Every business, from a startup to a multibillion-dollar conglomerate, should have an official mission statement and values. Both are key to a company’s identity and serve as a guiding principle to the stakeholders of a business. If you’re in the process of choosing your business’s mission and values or are looking to refresh the current ones, then here are a few pointers on coming up with a good mission statement and set of values.


What’s a mission statement? 

A mission statement should answer who the company is. It should tell those who read or hear the statement what is important to the business, what its philosophy is, and what its target market is. The mission statement should also answer what the company wants to be, strategically speaking. What does the company strive to become? Ideally, where would the company be in five or ten years? Stakeholders can perceive leaving out the what portion of the statement as a lack of ambition or drive, so it’s important to include it.

Take, for example, the Nike mission statement:


Nike Mission


The above statement gives readers a good sense of the company’s philosophy. We get an idea of what’s important to Nike, what drives it, and what it strives for – all in a single concise sentence and an asterisk.


What are corporate values?

A company’s statement of its values, on the other hand, tell us how it will do business as it aims to be the company its mission statement describes.

Looking again at Nike as an example, its values – or Maxims as Nike calls them – are as follows:


Nike Values


With these values, employees have a guiding set of principles that clarify how they should act and what their focus is while on the job. When faced with a dilemma, all staff members from entry-level employees to top-level executives can use their company’s guidelines to steer them in the right direction.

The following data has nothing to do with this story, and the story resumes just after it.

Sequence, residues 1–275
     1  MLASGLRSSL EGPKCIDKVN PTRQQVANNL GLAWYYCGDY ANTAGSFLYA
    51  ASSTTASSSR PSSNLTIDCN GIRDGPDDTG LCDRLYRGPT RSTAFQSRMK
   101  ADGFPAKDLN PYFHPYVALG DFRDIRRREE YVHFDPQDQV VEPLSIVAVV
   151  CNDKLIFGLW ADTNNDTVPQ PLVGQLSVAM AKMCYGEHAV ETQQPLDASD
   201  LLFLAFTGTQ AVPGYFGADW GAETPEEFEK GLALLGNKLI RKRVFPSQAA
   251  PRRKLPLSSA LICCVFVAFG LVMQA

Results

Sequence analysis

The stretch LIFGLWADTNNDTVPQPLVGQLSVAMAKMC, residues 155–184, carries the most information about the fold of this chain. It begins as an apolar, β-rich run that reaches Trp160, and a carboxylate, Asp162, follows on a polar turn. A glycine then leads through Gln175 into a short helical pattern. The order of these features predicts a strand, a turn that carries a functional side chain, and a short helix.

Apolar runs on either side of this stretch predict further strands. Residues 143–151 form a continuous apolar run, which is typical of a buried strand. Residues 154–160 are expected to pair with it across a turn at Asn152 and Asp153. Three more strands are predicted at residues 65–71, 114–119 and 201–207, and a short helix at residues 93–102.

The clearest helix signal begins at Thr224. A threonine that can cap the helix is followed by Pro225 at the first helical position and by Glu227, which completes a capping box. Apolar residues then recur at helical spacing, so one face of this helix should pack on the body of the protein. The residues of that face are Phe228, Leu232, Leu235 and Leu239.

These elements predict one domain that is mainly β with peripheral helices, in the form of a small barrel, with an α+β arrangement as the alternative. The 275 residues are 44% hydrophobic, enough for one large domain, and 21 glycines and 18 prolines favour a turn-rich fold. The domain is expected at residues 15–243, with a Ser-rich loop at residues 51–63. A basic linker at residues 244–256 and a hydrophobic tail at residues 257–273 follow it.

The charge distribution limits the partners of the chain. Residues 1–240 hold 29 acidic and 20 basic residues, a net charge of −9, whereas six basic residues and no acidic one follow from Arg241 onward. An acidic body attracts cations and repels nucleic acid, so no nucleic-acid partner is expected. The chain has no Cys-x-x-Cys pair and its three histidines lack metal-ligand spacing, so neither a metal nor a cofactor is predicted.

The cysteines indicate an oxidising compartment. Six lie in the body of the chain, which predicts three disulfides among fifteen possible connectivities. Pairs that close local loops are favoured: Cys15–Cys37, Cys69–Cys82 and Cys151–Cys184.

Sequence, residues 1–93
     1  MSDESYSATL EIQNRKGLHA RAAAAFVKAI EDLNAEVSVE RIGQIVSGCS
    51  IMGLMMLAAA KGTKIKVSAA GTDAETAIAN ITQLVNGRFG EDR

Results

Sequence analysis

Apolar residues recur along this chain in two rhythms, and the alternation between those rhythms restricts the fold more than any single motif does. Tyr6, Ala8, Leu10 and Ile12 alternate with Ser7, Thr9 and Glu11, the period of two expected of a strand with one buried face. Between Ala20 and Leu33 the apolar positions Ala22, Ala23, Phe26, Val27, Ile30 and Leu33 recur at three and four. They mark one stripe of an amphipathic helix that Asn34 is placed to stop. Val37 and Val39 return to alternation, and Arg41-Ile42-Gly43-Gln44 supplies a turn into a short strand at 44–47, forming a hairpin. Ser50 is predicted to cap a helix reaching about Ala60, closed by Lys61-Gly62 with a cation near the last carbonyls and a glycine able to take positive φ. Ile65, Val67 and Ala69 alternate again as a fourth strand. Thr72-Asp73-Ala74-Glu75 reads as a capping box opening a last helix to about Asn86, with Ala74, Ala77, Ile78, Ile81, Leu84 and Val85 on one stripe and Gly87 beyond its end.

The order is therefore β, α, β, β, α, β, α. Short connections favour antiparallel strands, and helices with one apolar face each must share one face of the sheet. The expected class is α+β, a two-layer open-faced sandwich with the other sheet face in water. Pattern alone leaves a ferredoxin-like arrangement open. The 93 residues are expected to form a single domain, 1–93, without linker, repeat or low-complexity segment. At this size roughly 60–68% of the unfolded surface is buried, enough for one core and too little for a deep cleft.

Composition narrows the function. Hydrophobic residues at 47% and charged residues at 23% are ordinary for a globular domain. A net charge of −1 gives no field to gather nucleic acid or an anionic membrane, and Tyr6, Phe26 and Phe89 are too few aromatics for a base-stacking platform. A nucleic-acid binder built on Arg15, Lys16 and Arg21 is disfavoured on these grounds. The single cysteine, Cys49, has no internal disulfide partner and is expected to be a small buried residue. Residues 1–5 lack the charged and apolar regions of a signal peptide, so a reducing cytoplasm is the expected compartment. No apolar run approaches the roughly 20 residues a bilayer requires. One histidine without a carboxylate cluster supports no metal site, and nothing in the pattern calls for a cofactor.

What makes a good mission statement and set of values?

The most important factor to keep in mind when deciding on your business’s statement of its mission and values is genuineness. If your statement isn’t genuine then it won’t serve its purpose. Worse yet, it’ll make your company look confused or dishonest to stakeholders. Imagine if Walmart’s mission statement wasn’t “We save people money so they can live better,” but was “We offer people high quality products so they can live better.” No one would be fooled. Customers looking for quality items would be disappointed when their new Walmart dining room table begins to wobble, and customers looking for competitive prices would go elsewhere. Suppliers would be confused as well.

Another important factor is accessibility. A statement that isn’t made readily available is ineffective. The mission and values should be posted on your business’s website on an easy to find page. Presenting the mission and values to new employees and putting up values posters around the workplace is another option. That way, internal stakeholders know what to strive for in their work and how to go about doing it, and external stakeholders know what to expect when dealing with your business.


What else makes an effective mission statement and set of values? Let us know @NapkinBetaBeyond